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Top 6 Ways To Help Birds

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1. Learn About Birds.

Learning to identify birds is one of the best ways to connect with the natural world, and is the first step toward taking conservation action. You can start by borrowing a bird guide from your library, joining an outing with your local naturalist club, putting up bird feeders or participating in the Great Backyard Bird Count or Project FeederWatch! You can also check out the Merlin Bird ID App.

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2. Buy Bird-Friendly.

Reducing overall consumption and making ‘greener’ choices reduces your environmental footprint and benefits all wildlife. Think about the foods you buy, avoid food waste, buy food grown as locally as possible, and choose organic when you can.

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Photo: Allison Manthorne

3. Support Conservation.

Become a member, donor, or volunteer for birds! You can also join our Citizen Science programs.

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4. Keep Cats Indoors.

Did you know that cats kill more than 100 million birds each year in Canada? Cats are the most significant human-related bird mortality factor in the country. Studies have shown that bells on collars are not effective in preventing cats from killing birds or other wildlife. Keeping cats inside is best for native wildlife, and for the health of your pets.

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5. Welcome Birds Home.

Plant native vegetation that provides cover and food for birds, like sunflowers and thistles. Tubular, nectar-producing flowers and flowering trees and shrubs attract hummingbirds. Fruiting trees such as mountain ash and serviceberry attract fruit-eating birds such as bluebirds, robins, and waxwings. Many sparrow species enjoy native prairie grasses. Reduce or eliminate the use of pesticides on your property. Clean your bird feeders every two weeks with hot soapy water and a vinegar solution.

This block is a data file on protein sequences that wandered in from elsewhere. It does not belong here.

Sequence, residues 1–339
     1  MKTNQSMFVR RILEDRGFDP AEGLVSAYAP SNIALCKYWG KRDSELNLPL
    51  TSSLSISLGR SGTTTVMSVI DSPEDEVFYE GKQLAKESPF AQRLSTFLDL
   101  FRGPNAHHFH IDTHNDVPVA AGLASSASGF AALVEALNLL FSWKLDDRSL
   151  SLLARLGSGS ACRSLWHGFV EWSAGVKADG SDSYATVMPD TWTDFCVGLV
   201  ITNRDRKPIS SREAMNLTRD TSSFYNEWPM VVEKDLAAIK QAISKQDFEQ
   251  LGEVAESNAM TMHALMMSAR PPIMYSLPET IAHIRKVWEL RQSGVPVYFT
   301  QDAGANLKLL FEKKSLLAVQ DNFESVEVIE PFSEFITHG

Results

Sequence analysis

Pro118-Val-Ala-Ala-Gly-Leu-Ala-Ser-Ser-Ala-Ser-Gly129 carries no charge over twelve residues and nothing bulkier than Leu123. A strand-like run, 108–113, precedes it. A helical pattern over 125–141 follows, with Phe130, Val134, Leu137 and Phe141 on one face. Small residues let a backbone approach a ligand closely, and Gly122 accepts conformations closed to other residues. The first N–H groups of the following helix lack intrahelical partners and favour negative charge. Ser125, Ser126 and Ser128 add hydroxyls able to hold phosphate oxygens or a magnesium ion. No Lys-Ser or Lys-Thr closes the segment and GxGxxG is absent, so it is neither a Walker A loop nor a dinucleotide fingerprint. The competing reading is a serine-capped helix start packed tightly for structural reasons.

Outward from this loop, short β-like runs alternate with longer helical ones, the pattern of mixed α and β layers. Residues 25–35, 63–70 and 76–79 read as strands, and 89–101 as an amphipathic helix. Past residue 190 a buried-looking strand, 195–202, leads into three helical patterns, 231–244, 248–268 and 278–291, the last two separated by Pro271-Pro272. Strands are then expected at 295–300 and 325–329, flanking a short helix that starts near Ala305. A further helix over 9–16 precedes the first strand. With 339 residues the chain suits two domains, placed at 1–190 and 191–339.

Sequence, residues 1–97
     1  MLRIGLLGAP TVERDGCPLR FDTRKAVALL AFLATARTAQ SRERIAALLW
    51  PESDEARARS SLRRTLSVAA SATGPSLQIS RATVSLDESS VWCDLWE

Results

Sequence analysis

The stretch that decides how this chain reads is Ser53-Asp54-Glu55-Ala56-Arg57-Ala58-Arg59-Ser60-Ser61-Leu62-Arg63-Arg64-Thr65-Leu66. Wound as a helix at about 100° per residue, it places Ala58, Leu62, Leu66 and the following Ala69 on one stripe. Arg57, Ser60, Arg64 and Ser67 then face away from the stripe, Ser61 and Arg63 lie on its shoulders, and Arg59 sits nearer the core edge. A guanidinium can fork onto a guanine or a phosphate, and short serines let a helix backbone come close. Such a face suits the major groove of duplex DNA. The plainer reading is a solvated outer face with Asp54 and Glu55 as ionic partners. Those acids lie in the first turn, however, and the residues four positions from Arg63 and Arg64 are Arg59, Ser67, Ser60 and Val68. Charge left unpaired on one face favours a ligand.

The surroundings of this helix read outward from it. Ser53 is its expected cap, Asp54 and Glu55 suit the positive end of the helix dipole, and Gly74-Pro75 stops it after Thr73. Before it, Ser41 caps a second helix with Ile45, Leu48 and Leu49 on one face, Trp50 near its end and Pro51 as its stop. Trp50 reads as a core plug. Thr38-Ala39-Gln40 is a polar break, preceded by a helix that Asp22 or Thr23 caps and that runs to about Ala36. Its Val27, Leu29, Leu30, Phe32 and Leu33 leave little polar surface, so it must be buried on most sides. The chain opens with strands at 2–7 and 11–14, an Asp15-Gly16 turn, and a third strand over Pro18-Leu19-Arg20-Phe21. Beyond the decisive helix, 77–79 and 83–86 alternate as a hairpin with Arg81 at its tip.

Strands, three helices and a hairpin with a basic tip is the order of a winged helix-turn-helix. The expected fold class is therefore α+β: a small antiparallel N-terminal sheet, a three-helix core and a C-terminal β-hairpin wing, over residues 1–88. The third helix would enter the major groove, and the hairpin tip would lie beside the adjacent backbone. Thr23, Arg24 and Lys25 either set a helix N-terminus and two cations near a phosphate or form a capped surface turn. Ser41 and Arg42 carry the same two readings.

6. Prevent Collisions.

Collisions with windows in residential and commercial buildings kill more than 25 million birds in Canada each year–and the majority occur at houses. You can help by placing bird feeders and bird baths at a safe distance from windows. The general rule is within 3 m (10 ft) of a window so a bird leaving the feeder can’t gain enough momentum to do harm if it strikes the window. Make any windows adjacent to or reflecting a bird feeder and/or the surrounding vegetation bird-friendly. Options include adding window screens, and applying specialized markers or tape spaced in a 5 x 5 cm (2 x 2 in) grid pattern to the outside surface of the window.

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(Photo: Ellen Jakubowski)

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(Photo: Ellen Jakubowski)

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(Photo: Ellen Jakubowski)

For more information about these and other options for reducing bird-window collisions, please visit FLAP.org and Feather Friendly. Note that if you choose to purchase a Feather Friendly DIY product and use Coupon Code BSC2019, Feather Friendly will make a donation to Birds Canada to support bird conservation.